Mental breakdown

Mental breakdown
Image for illustration purposes only
Daniel Harrison
01 December, 2000 4 min read

My clearest memories of childhood are images of violence and fear. With my sisters, I watched helplessly as my father, in his drunken rages, beat and abused my mother. I remember when this became too much for me and, as an eight year old, I rushed at my father crying, ‘Stop it, stop it or I’ll kill you!’, beating my fists against his chest as he towered above me. Though he seemed ashamed and stopped, the old pattern soon resumed, until eventually my mother divorced him several years later.

I left school in my teens, before final exams, and took a job with the local council, thinking this would give me a level of personal freedom. I soon found that hard work was not the answer, and was even resented.

I ran foul of an older co-worker, who taunted me and grew nasty when my efforts threatened what he viewed as a ‘cosy little number’ for himself. I thought that by throwing myself into work I would be happy and rewarded. Instead, I was robbed of peace of mind by yet another bully. The constant abuse drove me to mental collapse.

God’s way of forgiveness

After a period of treatment and recovery I found my life painfully altered. My fiancée, herself a health worker, grew negative about the possibility of future mental illness and my dependence on medication. My employment was downgraded and I found myself clearing litter from the streets, under the eye and taunts of my old tormentor.

Deeply depressive mental breakdown followed. I lost the woman I had hoped to marry and was finally sectioned under the mental health act. I experienced growing shame at having become one of the very people I had always avoided and despised as ‘complete nutters’.

Then, unexpectedly, in my late twenties I enjoyed a longer period of rationality. During this time my mother, who had moved through many religious groups seeking peace, told me of the Campus Church, a local church in Welwyn Garden City, which taught the Bible, explaining God’s way of forgiveness, peace and wholeness through the life and work of Jesus Christ.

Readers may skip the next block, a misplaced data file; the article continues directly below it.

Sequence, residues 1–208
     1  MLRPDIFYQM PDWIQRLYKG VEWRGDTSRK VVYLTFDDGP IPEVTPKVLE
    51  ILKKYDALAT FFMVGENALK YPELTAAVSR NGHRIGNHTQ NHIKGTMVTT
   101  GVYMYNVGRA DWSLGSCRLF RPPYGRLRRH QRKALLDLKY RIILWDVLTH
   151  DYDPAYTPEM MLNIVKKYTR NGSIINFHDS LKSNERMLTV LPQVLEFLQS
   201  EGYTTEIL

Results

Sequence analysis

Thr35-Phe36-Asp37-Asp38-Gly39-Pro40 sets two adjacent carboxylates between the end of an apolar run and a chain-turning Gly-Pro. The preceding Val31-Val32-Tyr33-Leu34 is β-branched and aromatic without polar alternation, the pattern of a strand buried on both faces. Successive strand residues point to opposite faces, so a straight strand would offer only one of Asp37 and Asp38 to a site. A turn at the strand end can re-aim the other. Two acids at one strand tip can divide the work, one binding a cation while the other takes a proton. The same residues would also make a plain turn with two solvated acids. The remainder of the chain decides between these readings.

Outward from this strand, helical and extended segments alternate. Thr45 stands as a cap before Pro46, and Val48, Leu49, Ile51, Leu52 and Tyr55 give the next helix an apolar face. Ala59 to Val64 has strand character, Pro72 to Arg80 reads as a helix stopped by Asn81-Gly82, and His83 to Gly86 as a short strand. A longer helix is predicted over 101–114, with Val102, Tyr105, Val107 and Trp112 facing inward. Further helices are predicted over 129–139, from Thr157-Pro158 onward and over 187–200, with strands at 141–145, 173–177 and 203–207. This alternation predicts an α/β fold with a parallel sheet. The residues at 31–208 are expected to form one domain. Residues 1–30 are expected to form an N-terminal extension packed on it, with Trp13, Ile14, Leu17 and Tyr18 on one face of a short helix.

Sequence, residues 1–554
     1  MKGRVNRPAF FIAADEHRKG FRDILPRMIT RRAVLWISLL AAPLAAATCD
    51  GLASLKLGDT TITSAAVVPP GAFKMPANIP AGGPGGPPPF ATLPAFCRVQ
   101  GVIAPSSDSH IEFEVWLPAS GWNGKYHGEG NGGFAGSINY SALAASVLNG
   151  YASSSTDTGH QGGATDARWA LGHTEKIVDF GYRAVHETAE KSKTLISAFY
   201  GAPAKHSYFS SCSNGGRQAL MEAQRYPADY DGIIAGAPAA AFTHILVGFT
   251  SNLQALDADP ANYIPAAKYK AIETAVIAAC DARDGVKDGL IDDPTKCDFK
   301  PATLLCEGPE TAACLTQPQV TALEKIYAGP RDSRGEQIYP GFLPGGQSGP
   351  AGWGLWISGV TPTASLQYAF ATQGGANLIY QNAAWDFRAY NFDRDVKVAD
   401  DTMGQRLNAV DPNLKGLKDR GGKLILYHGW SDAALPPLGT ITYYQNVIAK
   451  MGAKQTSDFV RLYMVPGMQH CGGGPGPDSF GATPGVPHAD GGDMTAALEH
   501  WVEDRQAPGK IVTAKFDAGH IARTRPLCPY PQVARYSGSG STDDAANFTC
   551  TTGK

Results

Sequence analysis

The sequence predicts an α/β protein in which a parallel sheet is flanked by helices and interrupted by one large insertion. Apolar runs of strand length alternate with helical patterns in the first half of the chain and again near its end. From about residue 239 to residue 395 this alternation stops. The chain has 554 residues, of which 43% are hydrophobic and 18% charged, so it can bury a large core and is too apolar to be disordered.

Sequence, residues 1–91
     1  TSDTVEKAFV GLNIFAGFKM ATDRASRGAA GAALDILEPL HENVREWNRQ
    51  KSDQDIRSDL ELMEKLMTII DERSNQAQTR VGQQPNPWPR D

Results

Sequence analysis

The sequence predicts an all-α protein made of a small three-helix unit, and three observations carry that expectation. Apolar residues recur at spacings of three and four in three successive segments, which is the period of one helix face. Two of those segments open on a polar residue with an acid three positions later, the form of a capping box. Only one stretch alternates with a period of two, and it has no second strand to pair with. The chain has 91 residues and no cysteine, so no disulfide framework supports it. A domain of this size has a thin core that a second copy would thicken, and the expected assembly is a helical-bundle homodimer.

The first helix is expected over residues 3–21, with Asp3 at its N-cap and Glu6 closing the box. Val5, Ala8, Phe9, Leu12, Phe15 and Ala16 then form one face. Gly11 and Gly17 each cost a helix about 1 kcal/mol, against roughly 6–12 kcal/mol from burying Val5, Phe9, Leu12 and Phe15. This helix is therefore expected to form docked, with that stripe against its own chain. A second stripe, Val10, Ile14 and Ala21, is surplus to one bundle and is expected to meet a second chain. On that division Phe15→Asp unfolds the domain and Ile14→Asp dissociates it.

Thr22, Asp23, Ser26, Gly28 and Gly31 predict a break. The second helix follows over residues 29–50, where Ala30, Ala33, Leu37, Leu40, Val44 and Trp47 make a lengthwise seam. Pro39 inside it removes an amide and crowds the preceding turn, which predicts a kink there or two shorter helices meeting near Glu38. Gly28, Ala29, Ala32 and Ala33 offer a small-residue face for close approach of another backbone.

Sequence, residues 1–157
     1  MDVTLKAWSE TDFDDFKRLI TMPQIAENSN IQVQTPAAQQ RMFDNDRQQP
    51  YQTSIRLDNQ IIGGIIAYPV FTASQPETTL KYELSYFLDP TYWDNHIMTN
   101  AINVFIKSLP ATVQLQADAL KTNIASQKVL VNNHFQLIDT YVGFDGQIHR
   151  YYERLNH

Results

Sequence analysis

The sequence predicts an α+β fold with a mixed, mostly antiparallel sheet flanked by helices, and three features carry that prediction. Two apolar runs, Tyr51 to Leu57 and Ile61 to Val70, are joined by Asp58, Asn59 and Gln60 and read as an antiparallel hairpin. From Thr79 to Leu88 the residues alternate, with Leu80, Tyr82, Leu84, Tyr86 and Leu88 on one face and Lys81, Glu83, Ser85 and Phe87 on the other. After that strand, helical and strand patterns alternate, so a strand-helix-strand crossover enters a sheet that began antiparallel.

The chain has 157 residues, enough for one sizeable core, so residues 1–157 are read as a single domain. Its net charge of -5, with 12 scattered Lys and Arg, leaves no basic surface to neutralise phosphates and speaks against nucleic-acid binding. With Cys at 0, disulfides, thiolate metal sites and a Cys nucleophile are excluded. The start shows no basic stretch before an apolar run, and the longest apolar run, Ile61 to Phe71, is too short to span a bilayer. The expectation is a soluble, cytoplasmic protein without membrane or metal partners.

She claimed to have been given salvation and a new relationship to God through this message. In a way I was pleased for her, for she seemed happier than I had ever known her. But I had no desire to start looking into religion. I already had enough problems and all I wanted was my sanity, to earn a little money, and a chance to enjoy life.

Baptismal service

Mum invited me to her baptismal service but I declined. On the day, though, I slipped in part way through the proceedings. To my surprise I stayed, being more and more drawn by what was being said. I felt strangely attracted to what I now know was the gospel of Christ, presented from the Bible.

What amazed me was the truth and clarity of it; no gimmicks and no mumbo-jumbo. Here was the living, powerful God providing forgiveness and a new life for ever, through Jesus’ sacrifice on behalf of people who despised him. Here was love given freely, not because people were working hard to be worthy.

I felt a new presence with me, not the phantoms of mental illness, but the Spirit of God. I wanted to know Christ and experience God’s forgiveness. I sought to be baptised and profess faith in Christ, but felt no sense of change.

Strong assurance

I spoke to one of the ministers and he asked me if I had confessed my sins to God and prayed for forgiveness. I had not, and so alone in my room that night I began to admit to God the greatness of my own wrongdoing.

I am not given to tears, but they were streaming down my face as I felt the great burden of all my hatred and acts of wickedness melt away in prayer. The reality of forgiveness in Christ came with a strong assurance.

I am still a ‘manic depressive’, and just as a person with diabetes must live with their disease, so I live with mine. But the quality of my life is greater than I have ever known, and the reality of eternal security is my anchor.

I now know when my illness is asserting itself and, for the past 10 years, have undergone treatment whenever necessary as a voluntary patient. The presence of God’s Spirit with me, bringing guidance and comfort from the Bible, means that I do not fear life’s uncertainty. God is in control of all things in his world.

Not ashamed

I no longer fear what others think. What matters is God’s unchanging love and acceptance through Christ alone. I try not to look out just for ‘number one’ any more, but care for my brothers and sisters in God’s family, our local church. And they care for me, despite our mutual imperfections.

I now feel compassion, not hatred, for my father and others who harmed me, just as Christ forgave his tormentors. I only desire that they should know Christ’s forgiveness before that terrifying day of God’s judgement in eternity. I am not ashamed to share the gospel of Christ for (as the Bible says and I have found) it is ‘the power of God to salvation for everyone who believes’.

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